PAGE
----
Olympic 100m champion Jacobs wants to recharge for 2022Saturday, August 14, 2021
ROME, Italy (AFP) — Italy's Lamont Marcell Jacobs, who claimed a shock Olympic triumph in the 100m, said yesterday he decided not to run again until 2022 so he could be in top form next year.
“It's not a simple decision,” he said in an interview on Rai 1 public television, the day after announcing the pause on social media.
“I am the first to want to compete every week, but you get to a certain point in which you realise that it does not end here, in the sense that this is only a great starting point,” Jacobs said.
Almost unknown a year ago, the 26-year-old claimed a shock triumph in the 100m at the Tokyo Olympics as well as gold in the 4x100m relay.
His stunning victory was achieved in a European record of 9.80sec.
The Texas-born sprinter had been scheduled to next run on August 21 at the Eugene Diamond League meet in the United States, before appearing in Brussels and Zurich in early September.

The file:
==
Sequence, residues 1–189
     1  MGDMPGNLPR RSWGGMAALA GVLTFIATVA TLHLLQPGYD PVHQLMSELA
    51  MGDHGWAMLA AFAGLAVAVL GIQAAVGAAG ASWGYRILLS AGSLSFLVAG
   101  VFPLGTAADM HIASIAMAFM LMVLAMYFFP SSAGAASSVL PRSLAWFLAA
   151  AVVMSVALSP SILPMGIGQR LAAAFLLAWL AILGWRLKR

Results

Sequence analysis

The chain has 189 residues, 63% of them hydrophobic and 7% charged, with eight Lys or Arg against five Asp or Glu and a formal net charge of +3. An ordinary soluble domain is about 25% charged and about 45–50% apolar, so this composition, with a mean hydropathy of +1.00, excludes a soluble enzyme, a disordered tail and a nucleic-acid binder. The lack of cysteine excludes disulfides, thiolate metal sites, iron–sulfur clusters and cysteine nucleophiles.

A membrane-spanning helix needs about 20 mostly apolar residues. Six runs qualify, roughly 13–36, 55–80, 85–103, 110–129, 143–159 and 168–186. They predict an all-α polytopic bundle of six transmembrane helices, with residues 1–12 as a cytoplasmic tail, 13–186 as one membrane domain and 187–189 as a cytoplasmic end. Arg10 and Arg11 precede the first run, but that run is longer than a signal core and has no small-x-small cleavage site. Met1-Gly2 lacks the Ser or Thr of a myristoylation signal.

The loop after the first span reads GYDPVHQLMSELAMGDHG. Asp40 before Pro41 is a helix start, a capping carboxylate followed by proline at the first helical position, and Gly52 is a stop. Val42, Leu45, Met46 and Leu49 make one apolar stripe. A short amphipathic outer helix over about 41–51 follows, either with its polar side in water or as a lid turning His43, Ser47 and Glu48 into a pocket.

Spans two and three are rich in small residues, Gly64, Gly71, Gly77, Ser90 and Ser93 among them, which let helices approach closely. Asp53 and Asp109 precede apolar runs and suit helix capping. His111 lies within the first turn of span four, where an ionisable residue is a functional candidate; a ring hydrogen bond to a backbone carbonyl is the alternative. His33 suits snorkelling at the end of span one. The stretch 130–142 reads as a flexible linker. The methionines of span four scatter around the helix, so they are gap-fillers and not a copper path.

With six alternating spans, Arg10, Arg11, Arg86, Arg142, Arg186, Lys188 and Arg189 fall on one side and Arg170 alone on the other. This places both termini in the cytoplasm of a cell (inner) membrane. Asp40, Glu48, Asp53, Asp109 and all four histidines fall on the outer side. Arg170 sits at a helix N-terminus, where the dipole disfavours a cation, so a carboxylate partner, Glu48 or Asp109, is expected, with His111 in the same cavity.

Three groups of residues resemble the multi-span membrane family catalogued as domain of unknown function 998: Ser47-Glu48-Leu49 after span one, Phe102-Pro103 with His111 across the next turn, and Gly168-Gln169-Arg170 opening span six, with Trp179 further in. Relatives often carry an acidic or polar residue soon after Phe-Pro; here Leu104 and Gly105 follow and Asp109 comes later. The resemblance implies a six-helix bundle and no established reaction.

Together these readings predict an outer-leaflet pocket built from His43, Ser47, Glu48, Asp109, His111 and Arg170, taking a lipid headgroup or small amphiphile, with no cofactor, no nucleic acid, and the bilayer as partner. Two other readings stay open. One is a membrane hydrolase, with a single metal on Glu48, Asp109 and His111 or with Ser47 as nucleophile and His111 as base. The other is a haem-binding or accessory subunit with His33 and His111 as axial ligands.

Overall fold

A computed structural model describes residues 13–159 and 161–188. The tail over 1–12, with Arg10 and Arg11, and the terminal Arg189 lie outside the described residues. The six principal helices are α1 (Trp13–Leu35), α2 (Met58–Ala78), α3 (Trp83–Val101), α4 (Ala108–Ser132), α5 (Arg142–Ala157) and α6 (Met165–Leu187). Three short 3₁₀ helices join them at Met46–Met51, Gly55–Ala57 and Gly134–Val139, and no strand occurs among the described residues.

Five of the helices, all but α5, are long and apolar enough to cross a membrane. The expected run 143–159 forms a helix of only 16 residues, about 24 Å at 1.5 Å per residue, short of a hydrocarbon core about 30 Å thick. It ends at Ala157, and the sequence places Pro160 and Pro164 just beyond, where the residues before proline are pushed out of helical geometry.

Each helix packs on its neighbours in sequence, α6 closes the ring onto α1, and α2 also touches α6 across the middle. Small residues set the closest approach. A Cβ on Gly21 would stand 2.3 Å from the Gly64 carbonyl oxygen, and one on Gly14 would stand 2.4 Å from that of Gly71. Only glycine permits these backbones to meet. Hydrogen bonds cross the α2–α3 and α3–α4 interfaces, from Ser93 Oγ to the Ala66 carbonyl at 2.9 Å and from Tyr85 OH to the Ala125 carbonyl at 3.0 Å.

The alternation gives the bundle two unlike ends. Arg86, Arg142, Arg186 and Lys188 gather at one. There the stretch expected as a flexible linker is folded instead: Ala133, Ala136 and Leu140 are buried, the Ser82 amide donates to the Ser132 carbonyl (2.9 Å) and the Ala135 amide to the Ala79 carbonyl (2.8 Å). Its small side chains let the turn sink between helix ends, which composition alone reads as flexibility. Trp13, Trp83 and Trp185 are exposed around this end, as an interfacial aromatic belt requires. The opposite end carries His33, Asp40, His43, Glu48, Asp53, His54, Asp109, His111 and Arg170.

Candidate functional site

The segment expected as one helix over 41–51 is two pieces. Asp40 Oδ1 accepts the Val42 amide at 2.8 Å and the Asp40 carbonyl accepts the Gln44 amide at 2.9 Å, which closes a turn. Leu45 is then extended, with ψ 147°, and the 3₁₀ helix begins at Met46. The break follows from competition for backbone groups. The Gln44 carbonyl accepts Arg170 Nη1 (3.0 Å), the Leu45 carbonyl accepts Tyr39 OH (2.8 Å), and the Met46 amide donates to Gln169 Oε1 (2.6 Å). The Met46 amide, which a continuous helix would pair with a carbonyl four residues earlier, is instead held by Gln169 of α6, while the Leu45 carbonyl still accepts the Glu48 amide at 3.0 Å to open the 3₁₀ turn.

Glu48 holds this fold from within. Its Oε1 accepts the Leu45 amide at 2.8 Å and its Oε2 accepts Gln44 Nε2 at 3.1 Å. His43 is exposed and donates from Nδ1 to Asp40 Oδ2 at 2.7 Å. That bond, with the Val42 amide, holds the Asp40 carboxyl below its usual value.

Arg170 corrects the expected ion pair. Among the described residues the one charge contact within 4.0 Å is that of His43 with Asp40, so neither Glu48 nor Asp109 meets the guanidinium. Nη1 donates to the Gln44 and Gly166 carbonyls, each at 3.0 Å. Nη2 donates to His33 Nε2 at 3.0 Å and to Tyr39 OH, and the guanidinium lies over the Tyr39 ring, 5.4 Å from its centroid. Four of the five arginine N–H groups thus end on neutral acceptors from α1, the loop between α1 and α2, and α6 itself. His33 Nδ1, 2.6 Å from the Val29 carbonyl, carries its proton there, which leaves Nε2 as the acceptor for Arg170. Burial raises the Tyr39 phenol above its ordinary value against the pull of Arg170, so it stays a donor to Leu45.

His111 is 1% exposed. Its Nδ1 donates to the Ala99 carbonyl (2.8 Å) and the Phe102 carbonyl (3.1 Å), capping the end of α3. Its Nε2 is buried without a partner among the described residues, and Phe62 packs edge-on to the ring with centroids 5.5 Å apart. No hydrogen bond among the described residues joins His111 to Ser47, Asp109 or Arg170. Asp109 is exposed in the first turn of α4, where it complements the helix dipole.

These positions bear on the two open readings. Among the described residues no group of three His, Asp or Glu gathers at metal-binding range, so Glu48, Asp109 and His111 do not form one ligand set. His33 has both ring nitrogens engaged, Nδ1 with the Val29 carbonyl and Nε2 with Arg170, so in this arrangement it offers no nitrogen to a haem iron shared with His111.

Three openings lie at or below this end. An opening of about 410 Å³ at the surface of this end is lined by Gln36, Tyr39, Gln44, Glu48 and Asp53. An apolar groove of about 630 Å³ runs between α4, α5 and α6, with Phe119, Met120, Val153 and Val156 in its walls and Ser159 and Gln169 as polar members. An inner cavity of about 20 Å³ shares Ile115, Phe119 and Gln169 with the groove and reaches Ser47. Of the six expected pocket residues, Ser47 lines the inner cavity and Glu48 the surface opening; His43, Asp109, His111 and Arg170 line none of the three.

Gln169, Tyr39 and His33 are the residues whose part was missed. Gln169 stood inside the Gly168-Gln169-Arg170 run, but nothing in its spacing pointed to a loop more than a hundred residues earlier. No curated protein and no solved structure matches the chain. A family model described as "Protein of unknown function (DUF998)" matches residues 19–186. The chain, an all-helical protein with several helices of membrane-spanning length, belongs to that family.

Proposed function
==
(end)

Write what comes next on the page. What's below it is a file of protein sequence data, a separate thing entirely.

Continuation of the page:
“Next year there are some very important events,” including the European and world championships, he said, and “every time I race I want to raise the bar”.
More work was needed, he said, and “for next year I want to arrive the top of the top, confirm [my results], actually improve on what I achieved this year.”
Italian daily Il Corriere della Sera said on Thursday that Jacobs had called a halt after a fall blamed on “the accumulated fatigue of the Olympics as well as a knee problem”.
Eyebrows have been raised in some quarters about Jacobs' performance, as before 2020, his times in the 100m had never gone below the 10-second barrier.
Britain's The Times ran a story last weekend about how Jacobs' former sports nutritionist was caught up in an Italian police investigation into the alleged illegal distribution of anabolic steroids.
Jacobs said yesterday that insinuations of doping “haven't touched me because I know all the sacrifices and setbacks I took to get to this moment, and I want to enjoy it 100 per cent”.
He was also asked about the suspension of British sprinter CJ Ujah — who won an Olympic silver medal in the 4x100m relay in Tokyo — over an alleged anti-doping breach.
“It makes me smile a little,” he added.
“Because a week ago they said so many things about me that were not true, and they have the relay runner with a positive result in their own backyard.”